3. Assigning responsibilities — the CTO delegates roles, like project and product managers and other team leads. 

  4. Documentation — everyone involved works together to fill out a software design doc template that outlines this project in detail, including a timeline, milestones, and all requirements. 

  5. Project kick-off — project managers assign action items for every engineering team member, and employees get to work. 

  6. Progress review — project and product managers monitor progress and make changes when necessary to ensure everything is on schedule and the product delivers what every department, from sales to marketing to leadership, needs.

  7. Testing — quality assurance engineers test the product before release to make sure it’s up to code. UX designers also test the app’s user experience specs and make changes if anything’s difficult to navigate. 

  8. Release — the engineering team releases the product to the marketing and sales teams to share with their target audience as they see fit.

  9. Post-mortem — the engineering team writes a project post-mortem, typically together in a retrospective meeting, to document what went well and what they could improve for next time. 

5 engineering team best practices

No engineering handbook covers every best practice, as this depends on your team composition and industry. But here are five worthwhile practices you and your engineering leaders can prioritize to build a strong, collaborative team. 

1. Define expectations

As you hire new team members, set clear expectations so they understand their role and can provide meaningful work immediately. Setting expectations also helps everyone understand what success looks like so they know how to move forward and when to celebrate accomplishments. 

You should also ask leadership staff to hold frequent one-on-one meetings with their direct reports throughout every project to ensure they feel well-informed about progress and can promptly address any issues, like feelings of burnout or confusion. 

2. Encourage automation

Support your engineers and respect their time by automating repetitive and tedious tasks. This frees them up to do more meaningful work and ensures they don’t feel bored by the project’s process.

You might use a project management system that automatically shares task progress with project managers, product owners, and product team members, so people don’t have to notify the whole team whenever they complete a task. Or an engineering manager might create a script that propagates notifications whenever a team member makes a coding change, alerting the whole team.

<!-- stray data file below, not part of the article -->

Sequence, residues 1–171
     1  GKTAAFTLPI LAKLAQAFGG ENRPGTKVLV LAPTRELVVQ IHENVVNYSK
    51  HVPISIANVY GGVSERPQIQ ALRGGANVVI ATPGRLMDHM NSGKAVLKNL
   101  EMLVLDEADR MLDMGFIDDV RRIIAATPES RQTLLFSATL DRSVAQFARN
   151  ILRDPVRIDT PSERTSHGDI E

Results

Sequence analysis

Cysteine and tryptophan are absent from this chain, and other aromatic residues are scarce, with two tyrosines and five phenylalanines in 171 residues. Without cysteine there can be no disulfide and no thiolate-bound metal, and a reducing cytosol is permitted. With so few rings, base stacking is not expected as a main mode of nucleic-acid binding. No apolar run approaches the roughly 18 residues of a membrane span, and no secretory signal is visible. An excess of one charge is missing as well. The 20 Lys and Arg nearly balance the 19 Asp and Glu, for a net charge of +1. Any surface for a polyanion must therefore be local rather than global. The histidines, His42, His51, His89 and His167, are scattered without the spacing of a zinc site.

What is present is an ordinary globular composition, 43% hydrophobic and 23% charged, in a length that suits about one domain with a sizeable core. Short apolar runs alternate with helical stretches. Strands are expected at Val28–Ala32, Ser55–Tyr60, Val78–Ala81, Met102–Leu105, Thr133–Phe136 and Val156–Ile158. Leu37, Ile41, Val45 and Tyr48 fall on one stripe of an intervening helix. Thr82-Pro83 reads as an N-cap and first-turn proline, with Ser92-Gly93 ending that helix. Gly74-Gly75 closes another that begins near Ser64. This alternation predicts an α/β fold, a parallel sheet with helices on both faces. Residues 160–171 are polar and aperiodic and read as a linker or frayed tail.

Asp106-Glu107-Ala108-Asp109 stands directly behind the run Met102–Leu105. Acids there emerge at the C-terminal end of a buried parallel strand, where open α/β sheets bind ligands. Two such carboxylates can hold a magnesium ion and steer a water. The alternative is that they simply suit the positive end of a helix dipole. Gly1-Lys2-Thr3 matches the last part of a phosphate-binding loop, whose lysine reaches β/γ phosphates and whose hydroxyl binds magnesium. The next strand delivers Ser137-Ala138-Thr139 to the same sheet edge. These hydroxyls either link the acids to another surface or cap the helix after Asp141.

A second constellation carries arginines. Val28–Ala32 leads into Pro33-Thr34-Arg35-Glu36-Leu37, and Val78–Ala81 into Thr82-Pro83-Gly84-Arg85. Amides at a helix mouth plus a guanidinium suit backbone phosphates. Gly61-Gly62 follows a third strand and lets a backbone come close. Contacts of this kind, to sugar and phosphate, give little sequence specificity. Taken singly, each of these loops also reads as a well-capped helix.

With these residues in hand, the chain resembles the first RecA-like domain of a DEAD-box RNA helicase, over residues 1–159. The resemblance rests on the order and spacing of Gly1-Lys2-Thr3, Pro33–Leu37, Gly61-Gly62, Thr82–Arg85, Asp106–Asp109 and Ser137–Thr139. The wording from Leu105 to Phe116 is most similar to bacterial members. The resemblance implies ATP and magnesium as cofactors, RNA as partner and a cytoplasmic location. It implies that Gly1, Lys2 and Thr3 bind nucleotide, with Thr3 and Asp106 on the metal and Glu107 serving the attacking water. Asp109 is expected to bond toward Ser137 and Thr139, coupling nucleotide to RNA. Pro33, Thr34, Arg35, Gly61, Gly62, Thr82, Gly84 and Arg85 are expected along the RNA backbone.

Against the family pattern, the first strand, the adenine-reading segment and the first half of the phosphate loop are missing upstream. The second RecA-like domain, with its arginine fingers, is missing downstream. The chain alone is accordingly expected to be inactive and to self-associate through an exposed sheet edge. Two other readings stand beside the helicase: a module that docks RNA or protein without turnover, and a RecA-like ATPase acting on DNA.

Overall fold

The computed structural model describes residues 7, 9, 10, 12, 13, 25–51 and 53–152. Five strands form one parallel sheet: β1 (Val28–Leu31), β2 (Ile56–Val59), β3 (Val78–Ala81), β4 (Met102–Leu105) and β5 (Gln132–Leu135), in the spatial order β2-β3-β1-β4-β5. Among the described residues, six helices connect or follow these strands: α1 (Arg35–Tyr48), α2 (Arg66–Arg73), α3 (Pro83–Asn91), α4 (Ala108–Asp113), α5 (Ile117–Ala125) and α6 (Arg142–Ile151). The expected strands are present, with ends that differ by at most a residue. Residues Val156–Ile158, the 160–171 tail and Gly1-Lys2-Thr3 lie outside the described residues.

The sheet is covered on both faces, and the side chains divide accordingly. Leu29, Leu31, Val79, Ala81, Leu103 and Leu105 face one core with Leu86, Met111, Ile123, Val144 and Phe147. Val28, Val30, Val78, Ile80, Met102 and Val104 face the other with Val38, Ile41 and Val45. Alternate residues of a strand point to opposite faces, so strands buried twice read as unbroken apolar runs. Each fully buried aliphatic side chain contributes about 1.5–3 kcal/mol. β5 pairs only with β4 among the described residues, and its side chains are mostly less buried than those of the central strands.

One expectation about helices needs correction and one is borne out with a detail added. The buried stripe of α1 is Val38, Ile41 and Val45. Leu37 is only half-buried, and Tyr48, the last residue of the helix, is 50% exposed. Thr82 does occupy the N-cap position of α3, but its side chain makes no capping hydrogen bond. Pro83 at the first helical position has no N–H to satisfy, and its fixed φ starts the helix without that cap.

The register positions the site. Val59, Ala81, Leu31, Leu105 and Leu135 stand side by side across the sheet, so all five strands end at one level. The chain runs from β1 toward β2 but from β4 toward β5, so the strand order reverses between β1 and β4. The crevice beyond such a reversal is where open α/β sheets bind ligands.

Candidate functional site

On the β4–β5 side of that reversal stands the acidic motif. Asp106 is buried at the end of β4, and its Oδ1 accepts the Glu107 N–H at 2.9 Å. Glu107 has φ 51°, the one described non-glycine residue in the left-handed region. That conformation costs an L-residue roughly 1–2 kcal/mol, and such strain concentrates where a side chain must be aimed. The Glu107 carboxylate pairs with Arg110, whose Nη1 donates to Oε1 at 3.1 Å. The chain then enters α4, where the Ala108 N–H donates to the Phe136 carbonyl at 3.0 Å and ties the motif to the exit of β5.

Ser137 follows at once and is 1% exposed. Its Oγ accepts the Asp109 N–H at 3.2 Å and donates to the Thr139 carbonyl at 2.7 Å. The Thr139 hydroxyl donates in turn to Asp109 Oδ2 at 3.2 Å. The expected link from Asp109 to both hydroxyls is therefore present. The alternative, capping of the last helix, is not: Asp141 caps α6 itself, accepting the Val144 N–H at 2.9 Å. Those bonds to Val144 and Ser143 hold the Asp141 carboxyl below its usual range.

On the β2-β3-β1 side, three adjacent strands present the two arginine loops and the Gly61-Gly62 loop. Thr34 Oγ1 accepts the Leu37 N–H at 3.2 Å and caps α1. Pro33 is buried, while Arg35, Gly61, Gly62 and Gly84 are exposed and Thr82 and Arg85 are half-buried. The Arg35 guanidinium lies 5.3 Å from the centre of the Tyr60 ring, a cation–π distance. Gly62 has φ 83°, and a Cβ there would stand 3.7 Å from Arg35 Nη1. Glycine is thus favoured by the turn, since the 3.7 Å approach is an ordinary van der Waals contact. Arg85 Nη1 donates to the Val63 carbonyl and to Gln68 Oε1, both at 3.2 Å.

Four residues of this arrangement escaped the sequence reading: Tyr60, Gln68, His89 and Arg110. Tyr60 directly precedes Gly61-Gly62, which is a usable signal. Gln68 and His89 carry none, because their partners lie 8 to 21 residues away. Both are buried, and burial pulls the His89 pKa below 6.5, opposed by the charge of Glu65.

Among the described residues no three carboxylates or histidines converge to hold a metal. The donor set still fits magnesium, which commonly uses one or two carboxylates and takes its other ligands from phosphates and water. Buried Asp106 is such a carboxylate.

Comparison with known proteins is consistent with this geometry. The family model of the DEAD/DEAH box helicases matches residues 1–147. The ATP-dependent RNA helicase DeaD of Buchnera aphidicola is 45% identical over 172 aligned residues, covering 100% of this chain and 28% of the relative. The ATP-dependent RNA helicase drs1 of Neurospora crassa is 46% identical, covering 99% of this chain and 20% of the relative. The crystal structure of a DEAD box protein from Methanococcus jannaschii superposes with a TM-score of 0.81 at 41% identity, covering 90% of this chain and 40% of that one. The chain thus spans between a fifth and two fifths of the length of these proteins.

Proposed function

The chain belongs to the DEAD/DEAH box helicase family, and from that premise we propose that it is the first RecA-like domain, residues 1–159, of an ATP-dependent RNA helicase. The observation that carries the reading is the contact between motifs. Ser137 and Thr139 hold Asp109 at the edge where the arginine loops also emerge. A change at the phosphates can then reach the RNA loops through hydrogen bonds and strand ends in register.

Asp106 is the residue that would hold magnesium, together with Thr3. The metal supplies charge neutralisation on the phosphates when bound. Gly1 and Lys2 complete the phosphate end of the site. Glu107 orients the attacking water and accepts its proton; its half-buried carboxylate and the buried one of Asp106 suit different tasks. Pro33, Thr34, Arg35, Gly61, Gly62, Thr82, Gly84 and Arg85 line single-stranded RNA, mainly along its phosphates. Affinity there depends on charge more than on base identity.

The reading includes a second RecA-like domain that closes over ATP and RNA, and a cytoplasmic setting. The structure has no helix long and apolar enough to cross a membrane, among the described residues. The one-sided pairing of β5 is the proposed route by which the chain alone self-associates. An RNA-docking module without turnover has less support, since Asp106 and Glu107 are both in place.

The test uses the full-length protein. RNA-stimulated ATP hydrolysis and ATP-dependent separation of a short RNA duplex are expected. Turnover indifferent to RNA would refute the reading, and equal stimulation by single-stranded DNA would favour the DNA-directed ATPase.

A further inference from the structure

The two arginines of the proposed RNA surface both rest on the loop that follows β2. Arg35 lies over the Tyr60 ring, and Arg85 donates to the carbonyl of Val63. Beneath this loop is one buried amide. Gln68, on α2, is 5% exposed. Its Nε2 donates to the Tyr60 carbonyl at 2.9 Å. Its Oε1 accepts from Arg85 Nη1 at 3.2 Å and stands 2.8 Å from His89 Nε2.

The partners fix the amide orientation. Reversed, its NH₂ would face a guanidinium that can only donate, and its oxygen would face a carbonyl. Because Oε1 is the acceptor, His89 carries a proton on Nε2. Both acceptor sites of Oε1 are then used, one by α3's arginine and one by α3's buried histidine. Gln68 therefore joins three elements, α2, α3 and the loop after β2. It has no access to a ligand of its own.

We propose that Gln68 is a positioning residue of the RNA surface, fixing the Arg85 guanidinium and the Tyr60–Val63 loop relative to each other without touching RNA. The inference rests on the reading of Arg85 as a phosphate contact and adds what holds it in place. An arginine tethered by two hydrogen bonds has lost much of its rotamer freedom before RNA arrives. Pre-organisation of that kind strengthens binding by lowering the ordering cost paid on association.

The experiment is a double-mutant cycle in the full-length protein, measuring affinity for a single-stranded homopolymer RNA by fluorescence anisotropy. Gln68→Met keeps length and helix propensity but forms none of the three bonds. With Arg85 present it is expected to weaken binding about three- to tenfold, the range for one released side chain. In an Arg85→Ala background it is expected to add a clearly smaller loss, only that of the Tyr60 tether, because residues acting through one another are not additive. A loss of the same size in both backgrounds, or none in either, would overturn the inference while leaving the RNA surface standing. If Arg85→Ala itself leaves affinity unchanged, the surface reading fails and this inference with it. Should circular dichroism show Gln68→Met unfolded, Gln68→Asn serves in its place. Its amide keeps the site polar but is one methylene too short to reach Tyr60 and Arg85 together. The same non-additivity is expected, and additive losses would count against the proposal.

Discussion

3. Create an effective workflow

Once you’ve established your team, have project managers and engineering leaders develop a workflow everyone approves of. This includes task-tracking software, an established communication cadence, and well-defined software documentation best practices. 

4. Encourage diverse knowledge sharing

The more diverse your team is, the more agile it will be when bottlenecks and challenges occur and management present new projects. Prioritize hiring engineers with different subject matter expertise to ensure you’ve filled every gap and encourage cross-training between employees and professional development opportunities for everyone.

5. Prioritize team building

You’re compiling a team of strangers who must effectively work together to achieve shared goals. To build this camaraderie and teamwork, schedule team-building activities such as brainstorming meetings, training sessions, and fun excursions that have nothing to do with work.

Support your engineering team with Notion

Once you’ve established a solid engineering team, support them with Notion’s resources, like the engineering wiki template and the product management system document. Or search the template gallery to find something perfectly suited to your project.